Magnificent mint condition proof set that has been well looked after.
This set does not include the original box but the outer wallet and inner information pages are pristine.
The 1989 coin set features the then new $2 coin replacing the old paper deciaml note.
The coins truly celebrate Australia’s natural heritage and pay tribute to our oldest natural inhabitants. The feather tail glider, the frill necked lizard, the spiny ant eater, the lyre bird, the platypus, the kangaroo and the emu are joined by Australia’s earliest human inhabitant the aborigine.
A nice addition to any collection and a well priced gift for a friend overseas to showcase our country.
This collection of eight proof coins displays some of Australia’s most original inhabitants,
1c the Feather Tail Glider,
2c the Filled Neck Lizard,
5c the Spiny Ant Eater,
10c the Lyre Bird,
20c the Platypus,
50c the Kangaroo and Emu on the Coat of Arms
$1 the Kangaroo,
$2 an aboriginal elder. It is the very first release with the new $2 coin.
All seven proof coins are set and housed in a clear sealed plastic container. The set is encased in a Royal Australöian Mint protective foam cover.
The platypus (Ornithorhynchus anatinus) is a semi-aquatic mammal endemic to eastern Australia, including Tasmania. Together with the four species of echidna, it is one of the five extant species of monotremes, the only mammals that lay eggs instead of giving birth to live young. It is the sole living representative of its family (Ornithorhynchidae) and genus (Ornithorhynchus), though a number of related species have been found in the fossil record. The unusual appearance of this egg-laying, venomous, duck-billed, beaver-tailed, otter-footed mammal baffled European naturalists when they first encountered it, with some considering it an elaborate fraud. It is one of the few venomous mammals, the male platypus having a spur on the hind foot that delivers a venom capable of causing severe pain to humans. The unique features of the platypus make it an important subject in the study of evolutionary biology and a recognisable and iconic symbol of Australia; it has appeared as a mascot at national events and is featured on the reverse of the Australian 20 cent coin. The platypus is the animal emblem of the state of New South Wales. Until the early 20th century, it was hunted for its fur, but it is now protected throughout its range. Although captive breeding programmes have had only limited success and the platypus is vulnerable to the effects of pollution, it is not under any immediate threat.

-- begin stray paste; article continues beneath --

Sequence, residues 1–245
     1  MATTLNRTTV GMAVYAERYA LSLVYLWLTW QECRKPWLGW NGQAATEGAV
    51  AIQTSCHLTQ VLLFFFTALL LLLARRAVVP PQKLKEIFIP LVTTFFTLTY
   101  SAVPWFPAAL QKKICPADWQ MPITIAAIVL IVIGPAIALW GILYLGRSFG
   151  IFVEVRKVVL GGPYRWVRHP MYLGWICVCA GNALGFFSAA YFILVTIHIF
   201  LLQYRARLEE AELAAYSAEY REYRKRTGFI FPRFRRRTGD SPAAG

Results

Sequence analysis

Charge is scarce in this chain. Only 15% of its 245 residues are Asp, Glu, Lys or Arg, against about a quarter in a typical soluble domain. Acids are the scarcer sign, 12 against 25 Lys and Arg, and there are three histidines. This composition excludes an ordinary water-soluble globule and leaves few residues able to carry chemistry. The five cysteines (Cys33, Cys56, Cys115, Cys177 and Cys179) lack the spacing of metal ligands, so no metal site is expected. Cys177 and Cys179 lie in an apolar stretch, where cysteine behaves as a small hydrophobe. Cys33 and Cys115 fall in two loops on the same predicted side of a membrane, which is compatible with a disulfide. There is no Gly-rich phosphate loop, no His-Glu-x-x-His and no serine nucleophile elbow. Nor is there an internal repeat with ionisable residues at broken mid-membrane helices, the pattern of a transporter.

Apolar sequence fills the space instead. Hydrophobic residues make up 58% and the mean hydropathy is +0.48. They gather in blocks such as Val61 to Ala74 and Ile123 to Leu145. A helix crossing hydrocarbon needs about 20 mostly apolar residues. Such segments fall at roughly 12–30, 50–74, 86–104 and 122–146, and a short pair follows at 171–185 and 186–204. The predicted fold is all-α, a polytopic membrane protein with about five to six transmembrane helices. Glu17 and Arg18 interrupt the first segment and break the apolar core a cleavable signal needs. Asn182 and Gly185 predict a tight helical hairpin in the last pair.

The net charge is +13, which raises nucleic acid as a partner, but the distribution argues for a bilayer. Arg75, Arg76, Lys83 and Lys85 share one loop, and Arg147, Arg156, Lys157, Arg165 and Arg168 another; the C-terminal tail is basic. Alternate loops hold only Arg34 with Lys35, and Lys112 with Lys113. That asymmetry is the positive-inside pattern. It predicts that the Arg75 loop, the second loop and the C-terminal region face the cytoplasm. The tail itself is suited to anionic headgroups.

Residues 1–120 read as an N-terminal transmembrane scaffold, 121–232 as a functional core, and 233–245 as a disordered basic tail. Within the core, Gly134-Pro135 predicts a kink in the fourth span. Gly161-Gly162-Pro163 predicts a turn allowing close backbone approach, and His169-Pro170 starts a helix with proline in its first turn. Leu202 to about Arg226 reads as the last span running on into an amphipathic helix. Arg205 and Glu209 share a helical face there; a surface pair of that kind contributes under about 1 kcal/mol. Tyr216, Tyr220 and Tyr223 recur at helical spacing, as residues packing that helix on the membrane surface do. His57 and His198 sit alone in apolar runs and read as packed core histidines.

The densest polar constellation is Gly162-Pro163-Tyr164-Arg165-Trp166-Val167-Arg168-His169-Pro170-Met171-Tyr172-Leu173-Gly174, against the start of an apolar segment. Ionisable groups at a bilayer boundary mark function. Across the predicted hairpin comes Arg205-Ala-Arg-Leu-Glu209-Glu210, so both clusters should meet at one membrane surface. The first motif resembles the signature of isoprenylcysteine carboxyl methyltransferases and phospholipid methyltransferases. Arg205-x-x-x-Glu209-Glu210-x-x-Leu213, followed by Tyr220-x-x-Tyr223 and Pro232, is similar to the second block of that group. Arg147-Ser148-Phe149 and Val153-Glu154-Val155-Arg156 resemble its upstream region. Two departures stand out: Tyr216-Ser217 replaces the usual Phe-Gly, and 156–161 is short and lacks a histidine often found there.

*All historical information taken from Wikipedia for educational purposes only.